Secretary of Defense Robert Gates has announced his intention to step down next year. I hope he can be persuaded to stay, but if he goes through with his plan, I hope the White House will seek out a prominent, capable Republican to fill the post.
Partisanship, when taken to an extreme, can be a horrible thing, although the two party system has served our nation well lo these many years. It can induce paralysis in government as we have seen. It can poison policy debates. But, it can also clarify differences of opinion and judgment in important ways. The one area of public policy that should be most immune to partisanship, however, should be the U.S. military.
This is not the time, nor do I have the time this morning, to assess who is to blame for the encroachment of partisanship into our military matters. There seems to be plenty of blame to go around from the Democrats who only acknowledged nefarious influences at work in the Bush years, arguing that the Iraq War was all about oil, to the Republicans who used nation security concerns in the 2002 midterms in ways that still shock, running ads that indicted the patriotism of Sen. Max Cleland, who had lost both legs and one arm in the Vietnam War.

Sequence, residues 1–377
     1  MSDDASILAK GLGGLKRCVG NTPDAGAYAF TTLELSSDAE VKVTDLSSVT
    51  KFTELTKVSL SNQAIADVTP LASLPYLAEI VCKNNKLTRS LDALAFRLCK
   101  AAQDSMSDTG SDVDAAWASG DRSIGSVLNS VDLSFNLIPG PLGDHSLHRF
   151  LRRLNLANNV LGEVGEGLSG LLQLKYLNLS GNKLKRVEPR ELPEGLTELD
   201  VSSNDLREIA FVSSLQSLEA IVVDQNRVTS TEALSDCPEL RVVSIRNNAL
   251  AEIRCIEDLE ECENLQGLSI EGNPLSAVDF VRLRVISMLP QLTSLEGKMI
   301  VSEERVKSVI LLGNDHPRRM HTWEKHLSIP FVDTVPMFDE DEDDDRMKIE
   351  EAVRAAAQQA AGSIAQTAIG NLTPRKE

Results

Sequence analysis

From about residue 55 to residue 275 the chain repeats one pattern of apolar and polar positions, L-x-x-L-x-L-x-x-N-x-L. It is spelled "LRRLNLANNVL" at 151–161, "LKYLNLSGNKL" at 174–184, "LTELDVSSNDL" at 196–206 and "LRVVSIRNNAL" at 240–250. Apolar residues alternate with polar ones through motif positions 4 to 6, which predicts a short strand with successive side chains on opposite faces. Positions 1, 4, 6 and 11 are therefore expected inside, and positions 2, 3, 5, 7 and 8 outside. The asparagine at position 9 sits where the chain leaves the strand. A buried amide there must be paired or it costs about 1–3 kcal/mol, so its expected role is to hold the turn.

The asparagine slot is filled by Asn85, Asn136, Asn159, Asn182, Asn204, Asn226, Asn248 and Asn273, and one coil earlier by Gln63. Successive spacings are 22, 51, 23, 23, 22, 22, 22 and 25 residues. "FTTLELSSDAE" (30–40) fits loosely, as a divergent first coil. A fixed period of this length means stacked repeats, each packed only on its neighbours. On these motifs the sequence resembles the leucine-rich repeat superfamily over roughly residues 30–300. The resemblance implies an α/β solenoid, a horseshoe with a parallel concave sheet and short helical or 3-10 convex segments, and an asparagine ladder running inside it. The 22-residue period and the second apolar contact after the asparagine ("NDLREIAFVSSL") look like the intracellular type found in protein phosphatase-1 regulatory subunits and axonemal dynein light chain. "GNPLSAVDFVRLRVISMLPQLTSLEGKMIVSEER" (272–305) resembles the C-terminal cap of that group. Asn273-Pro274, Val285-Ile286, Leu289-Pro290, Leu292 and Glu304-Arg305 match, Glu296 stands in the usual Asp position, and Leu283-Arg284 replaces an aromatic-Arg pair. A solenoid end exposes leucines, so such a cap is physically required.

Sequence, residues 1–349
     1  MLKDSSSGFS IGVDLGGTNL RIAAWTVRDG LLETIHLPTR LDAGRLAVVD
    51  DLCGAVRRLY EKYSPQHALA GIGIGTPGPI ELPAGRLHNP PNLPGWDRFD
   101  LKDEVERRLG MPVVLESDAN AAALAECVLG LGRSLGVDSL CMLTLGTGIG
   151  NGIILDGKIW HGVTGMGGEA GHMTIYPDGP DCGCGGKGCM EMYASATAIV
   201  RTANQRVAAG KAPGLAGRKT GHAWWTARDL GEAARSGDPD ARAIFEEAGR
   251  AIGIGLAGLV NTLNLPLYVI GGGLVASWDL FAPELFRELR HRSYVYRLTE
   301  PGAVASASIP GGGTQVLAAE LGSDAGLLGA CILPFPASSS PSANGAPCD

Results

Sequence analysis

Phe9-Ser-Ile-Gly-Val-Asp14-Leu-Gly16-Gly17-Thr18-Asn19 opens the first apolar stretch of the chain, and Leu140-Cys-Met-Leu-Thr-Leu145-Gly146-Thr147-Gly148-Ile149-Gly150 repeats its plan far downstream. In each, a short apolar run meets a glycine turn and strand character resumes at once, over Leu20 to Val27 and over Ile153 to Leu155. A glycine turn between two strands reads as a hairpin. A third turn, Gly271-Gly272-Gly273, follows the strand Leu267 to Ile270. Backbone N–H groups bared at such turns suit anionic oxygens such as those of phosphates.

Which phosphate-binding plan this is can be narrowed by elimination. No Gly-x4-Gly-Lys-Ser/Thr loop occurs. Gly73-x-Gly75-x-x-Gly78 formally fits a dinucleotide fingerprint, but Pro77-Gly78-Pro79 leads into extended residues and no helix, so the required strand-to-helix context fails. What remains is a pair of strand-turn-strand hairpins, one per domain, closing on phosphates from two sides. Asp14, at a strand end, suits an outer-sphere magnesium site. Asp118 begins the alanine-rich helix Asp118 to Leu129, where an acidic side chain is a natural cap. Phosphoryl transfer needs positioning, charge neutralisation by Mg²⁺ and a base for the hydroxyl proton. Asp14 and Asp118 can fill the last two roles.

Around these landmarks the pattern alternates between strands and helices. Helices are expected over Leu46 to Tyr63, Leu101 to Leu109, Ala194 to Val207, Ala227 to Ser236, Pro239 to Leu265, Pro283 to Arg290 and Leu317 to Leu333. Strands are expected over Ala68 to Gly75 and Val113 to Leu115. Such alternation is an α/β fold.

As a candidate for the high office he now holds, President Obama, like President Bush before him, promised to try and unite the nation, to bridge partisan divides and put the national interest first. Both presidents largely failed in that objective and, on the domestic front, the divides often reflect vastly different but completely honorable differences in approach to the role of government in the life of society. But, in asking Secretary Gates, who had been appointed by Bush, to stay on, President Obama sent a loud message that he really did intend to rebuild the nation’s, not either party’s, confidence in the idea that the military should be above partisanship. Gates was Bush’s finest appointment and Obama’s decision to keep him at his job was inspired. So, too, was President Clinton’s decision to appoint Republican Sen. William Cohen to the post.
There are no shortage of suitable candidates. Among the Republicans on the Senate Armed Services Committee are such reasonable public servants as Sen. Lindsay Graham of South Carolina and Sen. Susan Collins of Maine. It is a bit too soon to assess the judgment of Sen. Scott Brown of Massachusetts, but by next year he might be ready for the job. What is clear already is that the President should not miss the opportunity to keep the Pentagon away from politics, and to have at the decision-making table someone who credentials do not include fealty to the Democratic Party.